The Christian politician who holds the purse strings of Scotland tells Premier she has found the first few months in the job difficult and high pressured but "I recognise the fact that it is a matter of life and death."
Kate Forbes, 30, a member of a Free Church of Scotland congregation and committed Christian, was propelled onto the political stage in February when she was told, as a backbench Scottish National Party MSP, that she was to deliver the Scottish budget in the next few hours after the transgression and sudden resignation of her predecessor Derek Mackey.
With little notice, she delivered the 32-minute budget calmly in Holyrood, took questions and was appointed by First Minister Nicola Sturgeon to the role of Cabinet Secretary for Finance ten days later.
When asked if Nicola Sturgeon knows she's a Christian, Kate Forbes replied: "I don't think there's anybody who doesn't."
In the few weeks since then Forbes explained that she's been "phenomenally busy" with her work as a constituent MSP for Skye, Lochaber and Badenoch, and also her Cabinet position.
"It's quite something to be in a new job for two months and already be trying to deal with an economic crisis on the scale that we are seeing it - not just in Scotland, but across the world."
Her role means she normally has responsibility for the budget, tax, public sector pay and local budgets and income, all of which have now taken on a far greater meaning since Covid-19 as she tries to balance a fixed budget while protecting crumbling businesses, procuring life-saving ventilators and recruiting staff to the health service.
"It's been getting incredibly pressurised" she revealed, "but the reason I'm doing it is because this is a vitally important piece of work and I recognise the fact that it is a matter of life and death and it's making a big difference to the businesses and the individuals who are benefiting from the measures that we're putting in place."
Speaking about how she has found being a Christian at the top level of Scottish politics, Forbes replied: "I've always been fairly open about it, I've not hidden anything and when I was a promoted people were wondering who I was and doing a bit of investigation and writing profile pieces and all of them were quite open and upfront about my faith. I maintain that no protected characteristic should ever stand in the way of somebody holding public office or standing for election and that means my position. However, that doesn't mean that I'm immune from scrutiny and I'm very happy to debate and discuss these issues, which I do on a regular basis, with friends, colleagues and with constituents.
"I think the key is being open and honest, not being scared of scrutiny, but also being clear that, in the same way that no other protected characteristic should be a disadvantage, it should also apply to faith and religion."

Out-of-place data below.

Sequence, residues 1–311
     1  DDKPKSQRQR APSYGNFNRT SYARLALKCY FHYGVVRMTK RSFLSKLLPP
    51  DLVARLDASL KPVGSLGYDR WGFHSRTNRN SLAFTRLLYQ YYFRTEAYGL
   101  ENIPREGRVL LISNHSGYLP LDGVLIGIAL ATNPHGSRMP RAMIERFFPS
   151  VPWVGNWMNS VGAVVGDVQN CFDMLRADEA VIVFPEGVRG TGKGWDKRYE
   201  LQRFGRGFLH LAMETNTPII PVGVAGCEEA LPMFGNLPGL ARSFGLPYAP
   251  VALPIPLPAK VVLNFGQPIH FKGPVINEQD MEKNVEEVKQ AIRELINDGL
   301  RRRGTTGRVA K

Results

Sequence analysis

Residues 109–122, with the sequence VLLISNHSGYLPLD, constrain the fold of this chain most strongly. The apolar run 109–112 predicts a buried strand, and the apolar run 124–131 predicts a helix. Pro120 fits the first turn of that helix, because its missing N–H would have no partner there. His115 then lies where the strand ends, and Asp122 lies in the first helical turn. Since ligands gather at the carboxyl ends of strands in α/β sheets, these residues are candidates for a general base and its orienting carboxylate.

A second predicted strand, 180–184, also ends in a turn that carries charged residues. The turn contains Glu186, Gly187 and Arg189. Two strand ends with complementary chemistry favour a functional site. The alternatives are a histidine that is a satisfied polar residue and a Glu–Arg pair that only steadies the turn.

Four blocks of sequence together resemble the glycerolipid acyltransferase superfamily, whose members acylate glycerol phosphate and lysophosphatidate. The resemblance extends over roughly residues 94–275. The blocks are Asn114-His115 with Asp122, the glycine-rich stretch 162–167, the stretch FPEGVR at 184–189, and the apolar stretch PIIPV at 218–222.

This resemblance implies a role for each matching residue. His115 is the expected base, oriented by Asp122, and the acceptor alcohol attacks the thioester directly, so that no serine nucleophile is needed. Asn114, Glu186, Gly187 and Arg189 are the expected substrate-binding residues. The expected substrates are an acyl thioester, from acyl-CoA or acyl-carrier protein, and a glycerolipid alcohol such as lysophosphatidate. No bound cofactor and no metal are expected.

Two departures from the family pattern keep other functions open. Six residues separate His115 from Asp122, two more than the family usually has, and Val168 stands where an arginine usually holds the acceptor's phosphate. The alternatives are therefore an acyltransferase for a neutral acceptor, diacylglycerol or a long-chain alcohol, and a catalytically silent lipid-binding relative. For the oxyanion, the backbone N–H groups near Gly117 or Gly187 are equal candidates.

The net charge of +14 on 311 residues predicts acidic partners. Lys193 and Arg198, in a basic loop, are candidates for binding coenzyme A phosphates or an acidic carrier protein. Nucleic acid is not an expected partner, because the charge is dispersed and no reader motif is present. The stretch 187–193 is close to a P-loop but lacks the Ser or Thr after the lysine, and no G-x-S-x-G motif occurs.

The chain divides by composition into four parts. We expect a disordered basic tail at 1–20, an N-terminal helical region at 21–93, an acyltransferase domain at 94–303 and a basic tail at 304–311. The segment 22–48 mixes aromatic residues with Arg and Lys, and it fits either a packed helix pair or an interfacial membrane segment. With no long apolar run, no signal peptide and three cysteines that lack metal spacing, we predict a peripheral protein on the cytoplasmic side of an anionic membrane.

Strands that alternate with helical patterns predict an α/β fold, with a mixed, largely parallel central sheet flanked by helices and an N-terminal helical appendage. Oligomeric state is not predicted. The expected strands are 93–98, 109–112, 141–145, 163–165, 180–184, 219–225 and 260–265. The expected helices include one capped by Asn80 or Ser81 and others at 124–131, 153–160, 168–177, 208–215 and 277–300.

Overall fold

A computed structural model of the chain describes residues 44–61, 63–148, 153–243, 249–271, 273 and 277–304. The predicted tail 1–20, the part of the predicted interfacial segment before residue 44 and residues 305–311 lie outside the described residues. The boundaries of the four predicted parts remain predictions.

She commented on whether she ever has opportunities to share the gospel with her colleagues by pointing out that it is "natural" to share your hope to common problems: "Nobody in politics doubts the scale of what we would call sin: the scale of challenge in the world, the scale of unpleasantness in the world. And you've got politicians who, I think for the most part, are genuinely trying to fix that, are genuinely trying to use their judgment, their work to fix that and that's what the Gospel's all about - the Gospel is all about the fact that the world is a bit of a mess. It's been a bit of a mess for years. In fact, it's been a bit of a mess for centuries. We've been talking about ending poverty for centuries, it's still with us. We've been talking about ending injustices that go on in dark rooms for years, and they're still with us. So, there's opportunities there when it comes to having hope in the face of injustice, I do have hope because I believe that there is a God who loves and cares for people enormously. And all the issues that break my heart and break my colleagues' hearts, break His heart even more because he sees far deeper into our hearts and sees far deeper into some of the darkest corners than we ever will. So, I think in that context it's normal to talk about the situations in the world and normal to talk about the source of hope."
While stuck in lockdown in the Highland countryside with family, she said she was enjoying hearing each family member joining in with a different church from each room. In England, churches could be reopened after 4th July, but no plan has been set in Scotland yet, something she acknowledges as a "spiritual harm" but stands by.
"We don't have a vaccine and until we have a vaccine the only proper precaution that we know of to prevent the spread of the virus is social distancing. Businesses will have to adapt; churches will have to adapt. I think it's important for churches to start thinking now about what adaptations are required to make it safer for people to be able to go to church, when the time comes, over the course of the next few weeks or months to revise the guidance."